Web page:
“Many academic societies are currently undergoing this transition [to OA], and in the process, some major international publishers are double dipping, charging high subscription fees as well as expensive APCs. We strongly support open science initiatives and have long sought to move JPR to be a fully open journal. However, if we had continued to publish under Elsevier, moving to a fully open journal would have resulted in significant costs for both the authors and Japan Prosthodontic Society (JPS). After much discussion, we have finally made a decision regarding this crucial issue.
In 2021, JPS changed publishers, moving from Elsevier to J-STAGE, which now publishes JPR as a full-OA journal….”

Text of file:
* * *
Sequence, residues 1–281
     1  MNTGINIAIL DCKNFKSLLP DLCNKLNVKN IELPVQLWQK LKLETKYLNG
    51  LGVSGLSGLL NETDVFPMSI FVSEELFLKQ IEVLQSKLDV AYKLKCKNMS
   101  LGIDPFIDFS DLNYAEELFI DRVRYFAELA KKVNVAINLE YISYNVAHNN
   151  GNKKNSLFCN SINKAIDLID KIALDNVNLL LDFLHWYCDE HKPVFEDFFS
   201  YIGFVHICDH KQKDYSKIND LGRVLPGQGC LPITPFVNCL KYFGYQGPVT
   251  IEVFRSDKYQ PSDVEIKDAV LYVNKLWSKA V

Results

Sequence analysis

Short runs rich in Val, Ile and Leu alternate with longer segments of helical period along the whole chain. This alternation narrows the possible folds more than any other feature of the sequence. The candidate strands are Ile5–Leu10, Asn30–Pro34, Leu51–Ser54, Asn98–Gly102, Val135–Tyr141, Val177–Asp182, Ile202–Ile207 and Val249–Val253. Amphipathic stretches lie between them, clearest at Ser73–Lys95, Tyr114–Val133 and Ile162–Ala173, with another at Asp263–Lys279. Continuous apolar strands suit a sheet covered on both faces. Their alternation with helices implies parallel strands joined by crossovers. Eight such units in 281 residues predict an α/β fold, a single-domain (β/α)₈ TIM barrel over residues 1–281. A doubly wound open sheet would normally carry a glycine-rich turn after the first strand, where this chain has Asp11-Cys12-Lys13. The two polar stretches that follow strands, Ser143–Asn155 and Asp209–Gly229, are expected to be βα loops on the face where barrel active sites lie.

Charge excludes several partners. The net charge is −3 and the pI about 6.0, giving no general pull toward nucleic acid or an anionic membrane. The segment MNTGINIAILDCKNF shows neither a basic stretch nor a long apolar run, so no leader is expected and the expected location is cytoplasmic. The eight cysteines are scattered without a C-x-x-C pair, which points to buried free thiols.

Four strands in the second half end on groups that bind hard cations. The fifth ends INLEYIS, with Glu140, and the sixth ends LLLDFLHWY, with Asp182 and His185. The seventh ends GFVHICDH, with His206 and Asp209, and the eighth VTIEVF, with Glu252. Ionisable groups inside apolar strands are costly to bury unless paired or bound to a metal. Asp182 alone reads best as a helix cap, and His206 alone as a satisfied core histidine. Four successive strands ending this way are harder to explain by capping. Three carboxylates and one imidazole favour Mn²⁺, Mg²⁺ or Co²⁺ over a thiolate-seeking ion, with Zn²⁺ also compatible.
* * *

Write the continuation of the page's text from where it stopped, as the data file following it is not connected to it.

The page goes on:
Abstract: We launched a new institutional open access journal, the Journal of Maine Medical Center (JMMC), in 2018. We sought to engender community support and engagement through purposeful design and implementation. An ad hoc group was formed of institutional members with diverse backgrounds. Editorial Board and Editorial Team members were drawn from within the academic community. The journal name, aims and scope, recognizable logo, cover page and images were all strategically selected in order to engender institutional and community support. Institutional funding was solicited to support an open-access, no-fee, model. We adopted a philosophy of supporting novice authors with revisions of manuscripts that show merit, as opposed to immediate rejection. We assessed success of community engagement through semi-structured interviews of authors and reviewers and qualitative analysis of the transcripts. As evidenced by their perceptions, we have made positive steps toward supporting the academic mission of our institution and the scholarly professional identity of our participants. We outline a number of elements that are relevant to the start of a new academic journal and community engagement that we feel would be of interest to others considering a similar undertaking.